Desorption of block surfactant from a bulk phase (eg. PEO-silicone)

Graft polymerisation[iv]

Radiation-initiated polymerisation (gamma-ray, electron beam, UV)

Chemically-initiated polymerisation

Table 1(adapted from A. S. Hoffman),

http://onlinelibrary.wiley.com/doi/10.1002/masy.19961010150/abstract ) **(I’m not sure if this needs to say ‘adapted from’ or whether it just needs to be referenced: I’ve used the titles from their table (page 448) but have rewritten all the content)**

Most of the techniques in Table 1increase hydrophilicity by oxidising the fibre. Oxidation is a loss of electrons[i] and often coincides with an increased number of oxygen molecules in the polymer. Oxygen molecules increase polarity in the polymer, making it more likely to hydrogen bond to water.

Physical methods of increasing hydrophilicity tend to increase the surface area of the fabric. Thus, methods include brushing and raising, discussed under Dyeing and Finishing are frequently.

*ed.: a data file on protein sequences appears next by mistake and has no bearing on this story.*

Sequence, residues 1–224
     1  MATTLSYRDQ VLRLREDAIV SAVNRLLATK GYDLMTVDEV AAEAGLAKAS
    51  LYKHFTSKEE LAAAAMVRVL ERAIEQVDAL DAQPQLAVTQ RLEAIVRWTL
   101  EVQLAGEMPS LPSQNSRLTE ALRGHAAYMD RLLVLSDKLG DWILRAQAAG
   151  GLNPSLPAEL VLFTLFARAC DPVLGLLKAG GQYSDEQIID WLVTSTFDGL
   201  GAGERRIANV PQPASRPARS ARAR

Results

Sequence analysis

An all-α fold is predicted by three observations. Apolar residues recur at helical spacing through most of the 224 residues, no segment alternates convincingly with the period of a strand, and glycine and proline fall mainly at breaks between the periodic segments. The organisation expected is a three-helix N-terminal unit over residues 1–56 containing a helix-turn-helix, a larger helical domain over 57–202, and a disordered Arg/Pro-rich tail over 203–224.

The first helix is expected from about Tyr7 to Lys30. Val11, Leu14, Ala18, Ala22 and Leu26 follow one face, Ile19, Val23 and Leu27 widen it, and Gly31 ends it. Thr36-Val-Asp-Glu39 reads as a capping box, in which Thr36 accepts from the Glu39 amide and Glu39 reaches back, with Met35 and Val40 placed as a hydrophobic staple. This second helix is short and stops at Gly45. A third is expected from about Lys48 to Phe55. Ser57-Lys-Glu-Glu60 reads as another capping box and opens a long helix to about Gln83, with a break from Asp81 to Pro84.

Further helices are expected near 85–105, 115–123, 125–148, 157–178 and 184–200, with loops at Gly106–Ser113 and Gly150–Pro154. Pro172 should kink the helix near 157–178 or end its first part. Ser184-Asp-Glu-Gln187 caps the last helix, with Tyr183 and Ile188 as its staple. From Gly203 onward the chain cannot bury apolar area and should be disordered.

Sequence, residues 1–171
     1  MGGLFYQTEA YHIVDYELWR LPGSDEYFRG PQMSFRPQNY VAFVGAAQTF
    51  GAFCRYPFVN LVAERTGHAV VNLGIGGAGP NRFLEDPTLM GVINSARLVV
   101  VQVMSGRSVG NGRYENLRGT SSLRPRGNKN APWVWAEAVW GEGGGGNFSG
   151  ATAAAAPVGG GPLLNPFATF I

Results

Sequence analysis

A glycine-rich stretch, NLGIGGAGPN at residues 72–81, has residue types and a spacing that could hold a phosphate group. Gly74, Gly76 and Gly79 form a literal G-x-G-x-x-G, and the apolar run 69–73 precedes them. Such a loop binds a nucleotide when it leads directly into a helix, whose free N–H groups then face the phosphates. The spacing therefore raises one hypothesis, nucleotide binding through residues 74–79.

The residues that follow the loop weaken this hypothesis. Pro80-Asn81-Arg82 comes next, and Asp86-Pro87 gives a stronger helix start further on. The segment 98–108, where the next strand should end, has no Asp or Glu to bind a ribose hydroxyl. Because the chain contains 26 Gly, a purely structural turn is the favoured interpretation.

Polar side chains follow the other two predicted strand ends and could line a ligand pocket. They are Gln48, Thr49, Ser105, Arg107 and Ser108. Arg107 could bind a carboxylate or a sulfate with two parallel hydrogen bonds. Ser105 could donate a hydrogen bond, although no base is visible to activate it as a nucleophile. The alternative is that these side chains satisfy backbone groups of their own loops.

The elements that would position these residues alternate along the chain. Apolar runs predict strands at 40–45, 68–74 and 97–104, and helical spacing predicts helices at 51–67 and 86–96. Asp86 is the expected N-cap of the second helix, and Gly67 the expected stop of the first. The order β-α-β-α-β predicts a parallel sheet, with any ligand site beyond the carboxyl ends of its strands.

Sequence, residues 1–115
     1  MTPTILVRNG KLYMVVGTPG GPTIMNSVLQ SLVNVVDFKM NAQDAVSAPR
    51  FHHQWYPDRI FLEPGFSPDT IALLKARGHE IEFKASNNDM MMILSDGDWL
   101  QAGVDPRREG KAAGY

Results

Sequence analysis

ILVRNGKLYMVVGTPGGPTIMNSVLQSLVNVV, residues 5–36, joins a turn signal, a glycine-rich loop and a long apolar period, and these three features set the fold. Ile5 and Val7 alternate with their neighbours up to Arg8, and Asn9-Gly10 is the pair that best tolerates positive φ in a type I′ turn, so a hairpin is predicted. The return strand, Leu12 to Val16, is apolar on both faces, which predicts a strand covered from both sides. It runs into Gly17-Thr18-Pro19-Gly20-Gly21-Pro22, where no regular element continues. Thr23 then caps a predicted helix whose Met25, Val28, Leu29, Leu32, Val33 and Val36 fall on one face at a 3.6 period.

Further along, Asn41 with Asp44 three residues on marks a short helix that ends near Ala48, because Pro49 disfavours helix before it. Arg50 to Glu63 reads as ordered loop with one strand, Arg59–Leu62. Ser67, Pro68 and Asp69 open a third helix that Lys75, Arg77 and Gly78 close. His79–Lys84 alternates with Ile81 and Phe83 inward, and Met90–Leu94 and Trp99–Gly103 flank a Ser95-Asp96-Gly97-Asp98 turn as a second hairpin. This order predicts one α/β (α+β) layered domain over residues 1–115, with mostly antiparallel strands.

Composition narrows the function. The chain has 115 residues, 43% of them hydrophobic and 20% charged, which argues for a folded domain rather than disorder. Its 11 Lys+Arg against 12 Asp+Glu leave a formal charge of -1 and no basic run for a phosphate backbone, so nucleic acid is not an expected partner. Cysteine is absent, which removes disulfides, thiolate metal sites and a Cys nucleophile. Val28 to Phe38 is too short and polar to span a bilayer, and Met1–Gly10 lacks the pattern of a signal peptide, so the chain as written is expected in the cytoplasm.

Challenges and Innovation

Cellulose-based fibres tend to be fundamentally Hydrophilic? and increasing this natural tendency by physical methods, such as brushing and raising, is well understood (LINK REQUIRED). Synthetic fibres, however, tend to require chemical treatments to increase their hydrophilicity. Chemical treatments do not always last as long as physical treatments, as they sometimes only coat the fibre surfaces and are thus worn away when the fibres degrade. In addition, many of the chemical treatments use toxic chemicals that are cheap to use but dangerous and environmentally damaging. Use of potassium permanganate is declining but its use should decrease further wherever possible: it can cause spontaneous fires and is extremely harmful to aquatic life, which is of particular concern when waste-waters are not treated properly. Permanganate is often used alongside sulphuric acid, the dangers of which are well known (LINK REQUIRED). Catalytic oxidationhttp://www.ncbi.nlm.nih.gov/pubmed/21553036 of textiles fibres is not trivial, so some of the alternative methods listed above, such as the use of active gas treatments should be explored.

Novel fibre shapes continue to be developed that display incredible wicking. 4DG fibres, remain amongst the more complicated wicking fibres, but increasing further on their surface area is possible, and could further increase wicking without resorting to further chemical treatment.